Countries of liberty eh?  Let’s just say that in 1772 this was not yet a common expression, but it would be.  Yes it would be, to the ruin of much that was good in the world.  One wonders where the Spanish count picked up this phrase that was to do so much harm to the world?  Doubtless it was not from his boss the King of Spain.

In any case as regards the Jesuits the minister and his sovereign were completely in accord.  Moñino assaulted the Holy Father with threats to expose the letter that he had written to Charles III three years earlier promising the total dissolution of the society.  Clement XIV countered that in order to effect such a thing that he would require the cooperation of all of the Catholic monarchs, not just the Bourbons.  He was banking on the Hapsburg ruler of Austria Maria Theresa who had always been staunchly pro-Jesuit.  But it was not to be.  Maria Theresa changed her position for reasons that have not come down to us and the Jesuits’ fate was sealed.

Clement XIV still tried to delay, but it was fruitless.  He sent missions in the spring of 1773 to close down the Jesuit novitiate, reasoning with the Spanish ambassador that if the novitiate was closed and the novices expelled then the society would wither on the vine.  But he would no longer tolerate the Holy Father’s delaying tactics and demanded a resolution.  The jig was up so to speak.

On July 21, 1773 the beaten down Pope Clement XIV finally relented and signed the brief Dominus ac Redemptor abolishing the Society of Jesus.  The Holy Father kept it secret for more than three weeks until the method of its implementation and the management of the now defunct order’s property could be arranged.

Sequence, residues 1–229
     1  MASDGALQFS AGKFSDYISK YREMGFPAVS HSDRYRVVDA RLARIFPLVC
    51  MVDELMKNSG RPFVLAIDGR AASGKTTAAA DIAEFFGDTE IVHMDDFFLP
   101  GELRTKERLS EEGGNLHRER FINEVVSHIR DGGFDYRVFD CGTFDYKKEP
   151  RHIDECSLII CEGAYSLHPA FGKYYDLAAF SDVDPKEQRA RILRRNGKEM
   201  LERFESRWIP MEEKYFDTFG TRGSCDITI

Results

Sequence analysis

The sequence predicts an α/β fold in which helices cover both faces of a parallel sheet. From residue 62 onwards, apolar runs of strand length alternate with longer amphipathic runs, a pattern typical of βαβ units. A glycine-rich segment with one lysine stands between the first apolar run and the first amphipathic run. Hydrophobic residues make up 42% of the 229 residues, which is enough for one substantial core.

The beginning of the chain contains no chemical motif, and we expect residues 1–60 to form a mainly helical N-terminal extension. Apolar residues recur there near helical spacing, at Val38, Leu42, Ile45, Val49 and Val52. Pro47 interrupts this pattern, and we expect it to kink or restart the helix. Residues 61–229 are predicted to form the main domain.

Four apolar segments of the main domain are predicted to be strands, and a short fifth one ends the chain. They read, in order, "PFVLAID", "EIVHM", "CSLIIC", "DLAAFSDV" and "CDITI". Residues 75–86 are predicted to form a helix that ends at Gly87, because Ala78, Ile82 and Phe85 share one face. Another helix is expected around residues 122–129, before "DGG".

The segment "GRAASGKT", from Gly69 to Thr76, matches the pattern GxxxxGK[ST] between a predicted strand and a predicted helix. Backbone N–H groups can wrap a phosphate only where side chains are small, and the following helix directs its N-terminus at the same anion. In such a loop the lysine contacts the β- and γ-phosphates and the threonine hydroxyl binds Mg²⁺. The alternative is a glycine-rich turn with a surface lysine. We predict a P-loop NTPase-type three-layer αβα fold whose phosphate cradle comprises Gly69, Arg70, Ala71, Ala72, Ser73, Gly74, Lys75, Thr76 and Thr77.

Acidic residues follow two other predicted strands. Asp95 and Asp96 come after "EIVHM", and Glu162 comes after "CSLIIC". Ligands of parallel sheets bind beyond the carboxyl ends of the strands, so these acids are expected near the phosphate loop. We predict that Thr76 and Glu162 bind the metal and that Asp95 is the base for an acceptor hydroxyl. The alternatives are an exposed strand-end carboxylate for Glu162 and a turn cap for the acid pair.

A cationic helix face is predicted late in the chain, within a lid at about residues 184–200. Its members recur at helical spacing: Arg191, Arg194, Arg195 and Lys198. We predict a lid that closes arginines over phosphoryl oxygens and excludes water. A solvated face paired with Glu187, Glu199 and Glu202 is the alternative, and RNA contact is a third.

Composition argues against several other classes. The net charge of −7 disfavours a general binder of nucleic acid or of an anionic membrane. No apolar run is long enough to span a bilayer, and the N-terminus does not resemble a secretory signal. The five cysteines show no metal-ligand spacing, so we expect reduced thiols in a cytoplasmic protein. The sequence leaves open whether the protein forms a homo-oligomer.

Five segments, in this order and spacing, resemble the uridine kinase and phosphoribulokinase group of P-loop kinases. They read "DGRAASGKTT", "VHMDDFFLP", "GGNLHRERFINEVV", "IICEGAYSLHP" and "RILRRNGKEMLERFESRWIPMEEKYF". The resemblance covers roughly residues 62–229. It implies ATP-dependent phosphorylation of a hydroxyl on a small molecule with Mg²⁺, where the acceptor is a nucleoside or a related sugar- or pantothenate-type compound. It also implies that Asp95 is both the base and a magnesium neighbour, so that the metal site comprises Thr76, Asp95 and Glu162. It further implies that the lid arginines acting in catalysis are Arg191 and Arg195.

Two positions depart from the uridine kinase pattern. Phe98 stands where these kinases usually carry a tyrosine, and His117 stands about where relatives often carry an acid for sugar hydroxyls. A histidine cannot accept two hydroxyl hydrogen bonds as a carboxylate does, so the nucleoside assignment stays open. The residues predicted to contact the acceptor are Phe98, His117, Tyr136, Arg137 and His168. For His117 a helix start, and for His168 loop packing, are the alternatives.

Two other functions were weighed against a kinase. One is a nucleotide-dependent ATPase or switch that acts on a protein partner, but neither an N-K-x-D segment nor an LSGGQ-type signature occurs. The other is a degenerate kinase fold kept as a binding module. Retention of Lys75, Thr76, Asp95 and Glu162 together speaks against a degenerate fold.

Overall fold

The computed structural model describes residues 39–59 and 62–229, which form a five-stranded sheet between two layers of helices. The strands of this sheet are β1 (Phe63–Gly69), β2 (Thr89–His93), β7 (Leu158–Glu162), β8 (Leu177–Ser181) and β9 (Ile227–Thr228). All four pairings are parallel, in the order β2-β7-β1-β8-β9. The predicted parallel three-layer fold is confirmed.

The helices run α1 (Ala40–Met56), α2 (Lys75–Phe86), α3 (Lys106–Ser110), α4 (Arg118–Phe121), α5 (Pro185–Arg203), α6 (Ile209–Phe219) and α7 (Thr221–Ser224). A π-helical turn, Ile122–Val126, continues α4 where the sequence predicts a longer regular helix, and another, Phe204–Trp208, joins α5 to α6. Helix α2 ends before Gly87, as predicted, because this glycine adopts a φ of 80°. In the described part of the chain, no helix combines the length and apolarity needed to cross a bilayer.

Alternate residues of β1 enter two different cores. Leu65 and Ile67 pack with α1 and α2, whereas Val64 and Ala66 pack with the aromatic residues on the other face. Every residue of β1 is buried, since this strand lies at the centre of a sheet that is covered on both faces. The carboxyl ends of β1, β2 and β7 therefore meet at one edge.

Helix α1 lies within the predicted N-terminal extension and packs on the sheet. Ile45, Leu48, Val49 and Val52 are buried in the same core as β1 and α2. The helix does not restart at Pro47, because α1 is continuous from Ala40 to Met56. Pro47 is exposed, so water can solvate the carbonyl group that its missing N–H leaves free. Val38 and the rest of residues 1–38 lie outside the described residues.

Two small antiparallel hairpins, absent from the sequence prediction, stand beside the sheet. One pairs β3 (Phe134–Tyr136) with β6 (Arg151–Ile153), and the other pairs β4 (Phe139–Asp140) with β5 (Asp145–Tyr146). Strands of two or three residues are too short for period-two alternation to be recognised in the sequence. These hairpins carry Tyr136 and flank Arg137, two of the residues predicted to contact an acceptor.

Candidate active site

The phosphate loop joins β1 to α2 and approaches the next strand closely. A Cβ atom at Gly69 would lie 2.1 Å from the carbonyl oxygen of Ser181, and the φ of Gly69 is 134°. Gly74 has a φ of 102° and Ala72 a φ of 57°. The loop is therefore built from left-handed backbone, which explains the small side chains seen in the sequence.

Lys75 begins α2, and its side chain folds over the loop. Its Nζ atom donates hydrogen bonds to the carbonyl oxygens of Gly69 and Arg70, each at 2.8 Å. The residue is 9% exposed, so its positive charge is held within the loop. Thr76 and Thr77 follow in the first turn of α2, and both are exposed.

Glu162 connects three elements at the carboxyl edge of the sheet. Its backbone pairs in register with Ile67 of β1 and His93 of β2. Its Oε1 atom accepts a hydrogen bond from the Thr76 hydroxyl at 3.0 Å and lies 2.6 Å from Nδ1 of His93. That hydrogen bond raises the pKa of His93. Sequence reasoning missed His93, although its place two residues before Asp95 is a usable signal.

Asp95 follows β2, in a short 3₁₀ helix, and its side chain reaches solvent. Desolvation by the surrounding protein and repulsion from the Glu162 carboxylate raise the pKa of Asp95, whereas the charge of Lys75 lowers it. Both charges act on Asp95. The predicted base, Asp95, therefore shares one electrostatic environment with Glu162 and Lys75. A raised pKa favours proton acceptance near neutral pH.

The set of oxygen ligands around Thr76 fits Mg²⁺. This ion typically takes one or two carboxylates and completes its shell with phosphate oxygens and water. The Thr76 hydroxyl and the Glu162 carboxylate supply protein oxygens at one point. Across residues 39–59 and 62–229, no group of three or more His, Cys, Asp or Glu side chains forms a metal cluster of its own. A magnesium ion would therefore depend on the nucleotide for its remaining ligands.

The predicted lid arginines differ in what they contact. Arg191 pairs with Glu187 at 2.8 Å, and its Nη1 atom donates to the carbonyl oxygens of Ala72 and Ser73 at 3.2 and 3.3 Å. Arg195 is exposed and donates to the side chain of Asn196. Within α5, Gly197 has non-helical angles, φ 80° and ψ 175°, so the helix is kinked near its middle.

On August 16, 1773 at nine o’clock in the evening the prelate Macedonio visited the Gesu church in Rome accompanied by an armed escort of police and soldiers.  He officially informed the general of the Jesuit order, Father Lorenzo Ricci S.J., of its abolition and took possession of the church and of all of the property and sealed all of the records therein.  A similar scene played out throughout the city at the same hour at all its Jesuit institutes.

It should be noted that Clement XIV’s brief Dominus ac Redemptor in no way condemned the Society of Jesus with regard to its morals or its doctrines.  It merely stated that the Society had to be suppressed because of the demand of the courts and to preserve peace in the Christian world.  Father Ricci was imprisoned in the Castel Sant’Angelo where he died two years later and was interrogated as to the Jesuits supposed ‘hidden treasures’ and about all of the alleged plots to overthrow princes; all of which of course came to nothing.  After all of the financial records were gone through it was revealed that the Society was fairly strapped for cash and having a difficult time making ends meet.

IMG_1288

The Castel Sant’Angelo April, 2013

So the conspiracy to destroy the teaching of Jesus Christ had now claimed its first head.  Please go to Confession and say three Hail Marys in honor of the Immaculate Heart of Mary.